New Brunswick at the Dawn of a New Century
III. WHAT IS DEMOGRAPHY AND WHY IS IT IMPORTANT?
Demography is the branch of social sciences concerned with the study
of human populations, their structure and change (through births, deaths,
and migration), and their relationship with the natural environment and
with social and economic change. Demographic indicators could include population
size, population growth rate, crude birth rate, crude death rate, total
fertility rate, life expectancy and infant mortality . As well, it would
include estimated and projected gender and age distributions according to
medium, high, low and constant fertility variants. In short, demographic
changes affect all areas of human activity: economic, social, cultural and
|To a large extent, the realities of population size and
growth, and of population characteristics and distribution, govern, or at
least set some broad outer limits upon, what is possible for the economy
and for governments and the corporate world within the economy.|
Thomas Symons, Chair, British-North American
Committee Working Group on Demographics
Those who follow this field of social science believe demographics can play
a crucial role in understanding past trends and in preparing for future
developments and policies. Furthermore, they believe that understanding
demographic developments can provide important explanations of observed
economic and social trends. Consequently, demography becomes an important
ingredient in public policy analysis and development.
Demographically, New Brunswick's population profile will be much different
in the next century. Life expectancy is increasing, and fertility continues
to be low. Furthermore, the New Brunswick population, like most North American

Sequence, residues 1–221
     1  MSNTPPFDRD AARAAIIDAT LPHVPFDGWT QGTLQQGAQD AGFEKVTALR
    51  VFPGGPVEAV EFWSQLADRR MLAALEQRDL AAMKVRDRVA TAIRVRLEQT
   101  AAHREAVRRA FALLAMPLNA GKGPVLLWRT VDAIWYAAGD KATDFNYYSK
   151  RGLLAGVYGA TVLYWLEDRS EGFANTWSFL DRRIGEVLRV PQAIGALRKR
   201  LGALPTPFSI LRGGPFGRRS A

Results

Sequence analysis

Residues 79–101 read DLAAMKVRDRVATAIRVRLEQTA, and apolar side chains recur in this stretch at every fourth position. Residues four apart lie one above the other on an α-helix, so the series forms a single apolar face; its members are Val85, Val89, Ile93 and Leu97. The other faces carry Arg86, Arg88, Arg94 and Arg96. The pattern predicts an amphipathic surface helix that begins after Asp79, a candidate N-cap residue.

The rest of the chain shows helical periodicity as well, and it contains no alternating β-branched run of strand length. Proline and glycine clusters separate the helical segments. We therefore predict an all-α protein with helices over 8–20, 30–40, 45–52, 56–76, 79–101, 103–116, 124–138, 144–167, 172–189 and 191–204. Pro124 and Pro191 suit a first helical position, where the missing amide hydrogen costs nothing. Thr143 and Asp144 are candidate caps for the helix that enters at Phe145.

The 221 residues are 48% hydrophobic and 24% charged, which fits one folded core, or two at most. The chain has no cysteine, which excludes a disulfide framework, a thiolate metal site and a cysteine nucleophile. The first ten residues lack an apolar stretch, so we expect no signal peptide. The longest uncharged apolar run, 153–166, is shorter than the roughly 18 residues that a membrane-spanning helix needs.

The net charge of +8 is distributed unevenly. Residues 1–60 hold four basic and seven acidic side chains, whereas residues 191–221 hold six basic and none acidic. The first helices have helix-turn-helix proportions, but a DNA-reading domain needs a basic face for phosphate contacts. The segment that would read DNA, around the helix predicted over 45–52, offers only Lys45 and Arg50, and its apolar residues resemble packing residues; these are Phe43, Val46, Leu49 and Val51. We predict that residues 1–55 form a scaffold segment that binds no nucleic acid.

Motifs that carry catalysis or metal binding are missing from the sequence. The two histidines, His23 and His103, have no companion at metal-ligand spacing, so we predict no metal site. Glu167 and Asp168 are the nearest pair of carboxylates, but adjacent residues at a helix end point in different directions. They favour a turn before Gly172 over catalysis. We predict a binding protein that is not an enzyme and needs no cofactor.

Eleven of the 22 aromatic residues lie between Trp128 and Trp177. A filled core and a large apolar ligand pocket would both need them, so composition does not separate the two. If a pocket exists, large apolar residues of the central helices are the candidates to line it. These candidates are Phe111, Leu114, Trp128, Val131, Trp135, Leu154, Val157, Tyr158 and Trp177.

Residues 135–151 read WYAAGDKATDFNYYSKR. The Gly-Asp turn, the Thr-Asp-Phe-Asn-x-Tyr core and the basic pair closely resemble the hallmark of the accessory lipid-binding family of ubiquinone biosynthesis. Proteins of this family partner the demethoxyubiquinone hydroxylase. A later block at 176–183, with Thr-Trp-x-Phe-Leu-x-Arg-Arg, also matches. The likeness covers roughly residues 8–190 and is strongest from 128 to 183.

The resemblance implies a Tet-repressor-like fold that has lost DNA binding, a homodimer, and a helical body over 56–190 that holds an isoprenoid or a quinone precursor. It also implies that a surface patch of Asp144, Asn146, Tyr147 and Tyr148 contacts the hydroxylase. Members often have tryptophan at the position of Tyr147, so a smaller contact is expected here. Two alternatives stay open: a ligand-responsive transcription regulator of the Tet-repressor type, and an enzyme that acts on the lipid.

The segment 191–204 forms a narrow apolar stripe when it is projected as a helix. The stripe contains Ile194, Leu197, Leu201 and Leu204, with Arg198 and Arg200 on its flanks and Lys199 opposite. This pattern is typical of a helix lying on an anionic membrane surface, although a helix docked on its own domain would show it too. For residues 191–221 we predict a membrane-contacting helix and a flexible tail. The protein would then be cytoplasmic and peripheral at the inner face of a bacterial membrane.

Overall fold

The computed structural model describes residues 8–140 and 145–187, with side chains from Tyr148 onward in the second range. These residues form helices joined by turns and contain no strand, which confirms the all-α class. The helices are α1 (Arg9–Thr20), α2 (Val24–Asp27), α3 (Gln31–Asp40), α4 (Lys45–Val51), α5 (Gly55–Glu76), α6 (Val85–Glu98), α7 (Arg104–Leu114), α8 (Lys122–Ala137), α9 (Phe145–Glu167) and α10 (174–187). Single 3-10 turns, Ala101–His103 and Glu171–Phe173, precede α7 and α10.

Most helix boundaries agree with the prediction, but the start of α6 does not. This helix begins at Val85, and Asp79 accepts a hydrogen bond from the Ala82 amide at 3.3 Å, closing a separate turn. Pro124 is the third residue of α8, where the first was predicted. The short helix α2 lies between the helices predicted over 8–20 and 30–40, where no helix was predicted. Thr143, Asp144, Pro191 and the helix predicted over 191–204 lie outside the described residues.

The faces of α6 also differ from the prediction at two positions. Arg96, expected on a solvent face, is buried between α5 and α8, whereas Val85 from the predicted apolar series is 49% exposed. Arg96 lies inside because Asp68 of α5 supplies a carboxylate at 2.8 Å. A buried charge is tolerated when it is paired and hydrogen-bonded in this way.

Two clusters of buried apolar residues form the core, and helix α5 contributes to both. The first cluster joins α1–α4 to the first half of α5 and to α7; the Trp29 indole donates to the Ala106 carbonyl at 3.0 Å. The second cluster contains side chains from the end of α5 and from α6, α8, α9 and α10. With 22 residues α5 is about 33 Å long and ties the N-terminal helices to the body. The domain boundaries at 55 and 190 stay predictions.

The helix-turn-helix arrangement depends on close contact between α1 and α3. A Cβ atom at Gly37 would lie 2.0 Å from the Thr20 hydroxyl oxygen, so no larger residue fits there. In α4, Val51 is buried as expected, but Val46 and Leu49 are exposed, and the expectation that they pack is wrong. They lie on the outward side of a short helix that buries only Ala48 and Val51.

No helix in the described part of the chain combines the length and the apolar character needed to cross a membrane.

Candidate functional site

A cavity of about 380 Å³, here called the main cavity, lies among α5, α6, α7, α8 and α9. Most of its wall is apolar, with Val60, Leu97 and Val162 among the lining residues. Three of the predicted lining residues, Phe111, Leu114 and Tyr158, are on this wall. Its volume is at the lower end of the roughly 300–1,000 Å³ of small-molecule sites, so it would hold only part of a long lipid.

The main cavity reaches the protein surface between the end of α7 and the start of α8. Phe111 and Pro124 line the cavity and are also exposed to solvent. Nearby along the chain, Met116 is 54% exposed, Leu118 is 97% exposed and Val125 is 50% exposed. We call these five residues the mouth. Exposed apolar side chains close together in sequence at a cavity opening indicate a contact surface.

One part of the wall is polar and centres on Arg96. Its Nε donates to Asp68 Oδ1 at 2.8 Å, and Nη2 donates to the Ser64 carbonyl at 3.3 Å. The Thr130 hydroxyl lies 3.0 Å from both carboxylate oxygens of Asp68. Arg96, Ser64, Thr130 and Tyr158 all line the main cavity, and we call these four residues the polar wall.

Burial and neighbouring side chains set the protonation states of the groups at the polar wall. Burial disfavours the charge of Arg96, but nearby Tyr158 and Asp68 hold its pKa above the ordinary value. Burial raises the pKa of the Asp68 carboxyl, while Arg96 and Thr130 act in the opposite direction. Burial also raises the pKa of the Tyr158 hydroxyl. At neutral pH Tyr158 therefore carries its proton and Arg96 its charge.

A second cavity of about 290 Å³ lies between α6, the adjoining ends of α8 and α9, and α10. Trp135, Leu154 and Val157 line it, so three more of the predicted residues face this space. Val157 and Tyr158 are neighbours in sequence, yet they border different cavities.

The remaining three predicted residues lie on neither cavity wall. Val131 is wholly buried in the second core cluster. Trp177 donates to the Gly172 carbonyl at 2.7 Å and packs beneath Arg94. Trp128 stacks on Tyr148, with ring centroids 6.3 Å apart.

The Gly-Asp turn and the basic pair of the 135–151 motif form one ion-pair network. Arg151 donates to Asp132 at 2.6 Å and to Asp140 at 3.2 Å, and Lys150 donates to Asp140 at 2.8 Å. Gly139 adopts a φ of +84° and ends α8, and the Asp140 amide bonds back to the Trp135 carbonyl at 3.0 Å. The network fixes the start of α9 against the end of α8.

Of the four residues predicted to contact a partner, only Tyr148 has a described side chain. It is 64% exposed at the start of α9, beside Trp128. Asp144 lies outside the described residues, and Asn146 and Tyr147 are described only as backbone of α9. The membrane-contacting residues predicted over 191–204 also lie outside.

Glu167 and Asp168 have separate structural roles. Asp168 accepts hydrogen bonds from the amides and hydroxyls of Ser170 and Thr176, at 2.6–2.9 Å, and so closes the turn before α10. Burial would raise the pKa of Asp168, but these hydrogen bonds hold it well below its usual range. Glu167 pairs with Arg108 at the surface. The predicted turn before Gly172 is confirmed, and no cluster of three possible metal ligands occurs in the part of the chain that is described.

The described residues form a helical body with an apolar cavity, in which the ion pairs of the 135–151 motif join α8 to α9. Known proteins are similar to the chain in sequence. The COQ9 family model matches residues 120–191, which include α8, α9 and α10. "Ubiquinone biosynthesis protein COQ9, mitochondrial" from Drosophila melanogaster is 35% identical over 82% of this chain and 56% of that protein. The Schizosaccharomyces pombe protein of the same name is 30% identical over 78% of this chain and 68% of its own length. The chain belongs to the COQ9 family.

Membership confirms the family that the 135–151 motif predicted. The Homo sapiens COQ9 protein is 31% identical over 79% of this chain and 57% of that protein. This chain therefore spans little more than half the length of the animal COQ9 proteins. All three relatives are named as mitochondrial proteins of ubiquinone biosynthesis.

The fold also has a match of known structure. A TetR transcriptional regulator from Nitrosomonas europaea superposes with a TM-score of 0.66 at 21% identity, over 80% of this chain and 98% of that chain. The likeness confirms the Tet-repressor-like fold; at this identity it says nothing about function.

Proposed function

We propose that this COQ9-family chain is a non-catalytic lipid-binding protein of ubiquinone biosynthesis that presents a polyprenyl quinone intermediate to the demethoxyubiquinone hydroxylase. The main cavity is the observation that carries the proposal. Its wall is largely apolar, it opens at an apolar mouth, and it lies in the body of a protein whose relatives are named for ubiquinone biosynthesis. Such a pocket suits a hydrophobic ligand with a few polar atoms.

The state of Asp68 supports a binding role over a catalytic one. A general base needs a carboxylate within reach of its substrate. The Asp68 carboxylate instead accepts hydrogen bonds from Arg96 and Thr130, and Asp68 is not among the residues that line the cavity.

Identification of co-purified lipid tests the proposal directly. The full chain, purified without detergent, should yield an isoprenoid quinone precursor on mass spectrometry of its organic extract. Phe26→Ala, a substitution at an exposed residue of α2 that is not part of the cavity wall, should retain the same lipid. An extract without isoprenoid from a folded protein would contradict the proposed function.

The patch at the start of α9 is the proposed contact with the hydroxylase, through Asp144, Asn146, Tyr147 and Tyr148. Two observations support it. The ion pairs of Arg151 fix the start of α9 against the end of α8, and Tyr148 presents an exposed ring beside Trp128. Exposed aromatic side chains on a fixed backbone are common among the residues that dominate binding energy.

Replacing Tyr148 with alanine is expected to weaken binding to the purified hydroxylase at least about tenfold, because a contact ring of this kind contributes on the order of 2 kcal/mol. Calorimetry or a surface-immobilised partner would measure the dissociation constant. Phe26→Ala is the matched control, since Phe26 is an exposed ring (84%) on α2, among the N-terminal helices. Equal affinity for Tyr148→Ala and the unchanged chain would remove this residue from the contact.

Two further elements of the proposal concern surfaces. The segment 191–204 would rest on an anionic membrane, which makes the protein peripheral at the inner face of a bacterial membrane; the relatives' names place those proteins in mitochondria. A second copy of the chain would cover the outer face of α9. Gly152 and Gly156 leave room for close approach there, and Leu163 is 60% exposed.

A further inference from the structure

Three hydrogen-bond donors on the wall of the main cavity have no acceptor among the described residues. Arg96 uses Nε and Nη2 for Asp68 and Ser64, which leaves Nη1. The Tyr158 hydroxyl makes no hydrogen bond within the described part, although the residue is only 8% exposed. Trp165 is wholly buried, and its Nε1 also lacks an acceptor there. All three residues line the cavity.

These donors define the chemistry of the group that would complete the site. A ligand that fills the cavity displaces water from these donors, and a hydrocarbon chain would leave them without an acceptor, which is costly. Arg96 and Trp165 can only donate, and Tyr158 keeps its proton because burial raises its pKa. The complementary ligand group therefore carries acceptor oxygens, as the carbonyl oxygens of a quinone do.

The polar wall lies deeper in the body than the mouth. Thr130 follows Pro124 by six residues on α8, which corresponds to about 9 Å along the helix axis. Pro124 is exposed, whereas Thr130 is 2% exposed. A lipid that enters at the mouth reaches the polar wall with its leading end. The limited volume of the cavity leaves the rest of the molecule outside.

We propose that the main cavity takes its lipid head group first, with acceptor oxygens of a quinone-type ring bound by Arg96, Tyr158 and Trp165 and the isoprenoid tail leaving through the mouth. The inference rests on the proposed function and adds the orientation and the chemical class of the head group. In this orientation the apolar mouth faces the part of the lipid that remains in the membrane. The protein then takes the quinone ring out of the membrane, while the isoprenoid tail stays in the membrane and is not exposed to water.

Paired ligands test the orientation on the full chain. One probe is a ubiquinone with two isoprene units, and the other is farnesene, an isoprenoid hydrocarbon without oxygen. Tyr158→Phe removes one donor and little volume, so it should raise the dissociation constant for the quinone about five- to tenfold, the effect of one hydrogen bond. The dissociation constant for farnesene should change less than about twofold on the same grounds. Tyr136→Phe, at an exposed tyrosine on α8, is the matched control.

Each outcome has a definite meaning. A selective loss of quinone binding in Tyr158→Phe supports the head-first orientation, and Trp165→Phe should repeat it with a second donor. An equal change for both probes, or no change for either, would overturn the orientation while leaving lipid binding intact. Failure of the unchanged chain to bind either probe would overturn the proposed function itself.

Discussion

societies, is aging and will likely begin to decline early in the next century.
It is for this reason then, that New Brunswick is at a crossroads.
|Aging populations are likely to put significant pressure
on public spending programs, especially health care and pensions.|
Organization for Economic Co-operation and
New Brunswick's changing population dynamics has significant long-term implications
for economic and social policy, and New Brunswickers will only make wise
choices about their future if the effects of demographic change are better
Many economists and demographers believe the present slow rate of population
growth in New Brunswick could have significant consequences. This, coupled
with the anticipated changes in our fiscal arrangements with the Federal
Government, and the deep restructuring of our global economy, will likely
provoke economic and social challenges of some magnitude.
|Demographic trends are essentially long-term. You can
ignore them this year, you can ignore them next year. But if you ignore
them over time, they'll get you in the end.|
Dr. David Foot, University of Toronto
Public policy makers in New Brunswick then, are under great pressure to
understand the dynamics of economic and demographic change. All of these
factors pose a challenge of great importance and consequence, thus demography,
and demographic analysis is an obvious consideration if we are to achieve
and maintain overall priorities. The most fundamental tenet of demographics
is that society, to a large degree, creates demographic influences and trends
with its present decisions, discoveries, policies, actions or inactions.
With proper planning, and careful utilization of resources, New Brunswick's
future population can be as dynamic and prosperous as it is today.